Reporters across the world were duped by a German journalist who reported that chocolate will help you lose weight. But how did he do it?

The man at the centre of the hoax is John Bohannon, whose researcher name was Johannes Bohannon.

On March 29, a press release in the Institute of Diet and Health (a made up website of which Bohannon was listed as the research director) “revealed” that chocolate accelerates weight loss when combined with a low-carb diet.

Bohannon and a colleague conducted a 100 per cent authentic study: it was just riddled with meaningless results, and, as Bohannon told io9, “terrible science”.

The study

15 participants, aged between 19 and 67, were recruited and screened for health problems. They were then measured for 18 different factors, such as sodium, weight and cholesterol. “If you measure a large number of things about a small number of people, you are almost guaranteed to get a “statistically significant” result,” said Bohannon.

They were divided into three groups: one low-carb group, a group that ate low-carb along with 42 grams of dark chocolate per day and a third group that acted as controls. Every morning for three weeks, the participants weighed themselves, which was followed up with a final round of questionnaires.

The low-carb with chocolate group lost 10 per cent more weight than the low-carb group, also reporting better sleep and lower cholesterol levels.

Within 24 hours, and having faced no peer review, Bohannon selected the International Archives of Medicine, an online open-access journal, as their publication of choice. It was even referred to by their CEO, Carlos Vasquez, as an “outstanding manuscript”.

The press reaction

A German television reporter named Peter Onneken, who devised the con alongside collaborator Diana Löbl, set about writing the aforementioned press release, first in German, then in English.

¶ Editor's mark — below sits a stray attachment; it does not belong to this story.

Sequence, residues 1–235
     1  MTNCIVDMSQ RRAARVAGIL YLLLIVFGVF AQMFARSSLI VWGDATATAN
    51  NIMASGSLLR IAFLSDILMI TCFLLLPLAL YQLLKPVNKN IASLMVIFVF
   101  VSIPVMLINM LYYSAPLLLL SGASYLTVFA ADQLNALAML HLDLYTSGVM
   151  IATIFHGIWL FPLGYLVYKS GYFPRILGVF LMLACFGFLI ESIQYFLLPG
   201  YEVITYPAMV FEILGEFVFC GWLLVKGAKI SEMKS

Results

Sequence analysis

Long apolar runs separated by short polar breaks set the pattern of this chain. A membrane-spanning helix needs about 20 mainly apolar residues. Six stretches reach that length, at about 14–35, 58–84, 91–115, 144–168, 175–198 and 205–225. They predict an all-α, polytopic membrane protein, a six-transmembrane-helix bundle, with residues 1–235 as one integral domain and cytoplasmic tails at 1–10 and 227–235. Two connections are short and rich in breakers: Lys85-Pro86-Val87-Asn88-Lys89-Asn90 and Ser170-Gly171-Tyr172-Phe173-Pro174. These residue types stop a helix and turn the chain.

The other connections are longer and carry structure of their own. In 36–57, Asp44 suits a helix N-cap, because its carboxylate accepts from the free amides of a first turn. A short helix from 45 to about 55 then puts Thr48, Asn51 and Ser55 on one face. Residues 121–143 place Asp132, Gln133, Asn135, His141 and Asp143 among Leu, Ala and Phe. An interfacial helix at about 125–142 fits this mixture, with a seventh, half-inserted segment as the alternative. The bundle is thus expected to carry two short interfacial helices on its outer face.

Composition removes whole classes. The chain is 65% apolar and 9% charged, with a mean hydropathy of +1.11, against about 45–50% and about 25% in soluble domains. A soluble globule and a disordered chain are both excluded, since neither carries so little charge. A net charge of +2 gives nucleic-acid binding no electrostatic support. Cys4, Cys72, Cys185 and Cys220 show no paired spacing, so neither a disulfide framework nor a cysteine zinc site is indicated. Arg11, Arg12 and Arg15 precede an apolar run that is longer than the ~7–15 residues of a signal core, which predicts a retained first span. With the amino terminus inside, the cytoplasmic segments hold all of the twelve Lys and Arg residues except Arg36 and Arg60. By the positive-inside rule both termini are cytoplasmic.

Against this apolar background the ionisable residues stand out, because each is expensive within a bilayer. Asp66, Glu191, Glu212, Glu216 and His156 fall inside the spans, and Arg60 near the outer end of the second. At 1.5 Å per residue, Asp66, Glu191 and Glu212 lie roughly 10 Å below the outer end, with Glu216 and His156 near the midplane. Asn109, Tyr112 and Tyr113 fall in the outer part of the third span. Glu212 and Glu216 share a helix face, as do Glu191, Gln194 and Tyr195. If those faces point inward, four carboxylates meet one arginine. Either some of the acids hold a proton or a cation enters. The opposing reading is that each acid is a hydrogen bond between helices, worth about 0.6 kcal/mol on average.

Soon after, German tabloid Bild released their front page coverage of the story under the headline: “Those who eat chocolate stay slim!” In the UK, the papers to bite included the Daily Mail, Daily Express and Irish Examiner. Even was duped.

However, as Business Insider point out: “While the study did indeed find a statistically significant effect on weight loss, it was designed to do exactly that. They were statistically more likely to find what looked like a significant effect but was actually a fluke.”

The story behind the con

Bohannon, a journalist himself, wanted to expose the hurried, headline-driven nature of science journalism. “Readers just can’t get enough stories about the benefits of red wine or the dangers of fructose,” he explained.

Some readers may base their dietary changes on ever-changing scientific information, so it is the responsibility of journalists, as the last line of the peer-review system – especially when a journal is hailing a study as scientifically valid – to scrupulously analyse the study for implausibility and inaccuracy.

Bohannon, who has a PhD in the molecular biology of bacteria, was approached by Onneken and Löbl to demonstrate the simplicity of turning bad science about the diet industry into recognised diet fads. He was selected due to his history of successful scientific pranks.

While many established journalists fell afoul of Bohannon’s results, some readers didn’t, with one commenting “Every day is April Fool’s in nutrition” underneath the Daily Express story on April 4.

The nature of bad reporting

It pays to be sceptical if you’re a reader, journalist or journal when it comes to science journalism, especially relating to diets. This is also the case with diabetes.

From “Sunshine can slow weight gain and diabetes symptoms” to “Can poop prevent diabetes?”, there are many examples of bad reporting in diabetes, regardless of whether they may be some scientific integrity in the original findings.

One could argue that there is enough confusion in diet science without Bohannon piling further convolution into proceedings, but his message is clear enough: Don’t believe everything you read.

No-one should make major dietary changes based on media headlines, regardless of how sensational or convincing they are, as doing so may not only be pointless, or wrong, but it could end up having adverse effects on your health.

What are some of the more sensational headlines regarding diet or diabetes you have seen in the media? Let us know in the comments section.

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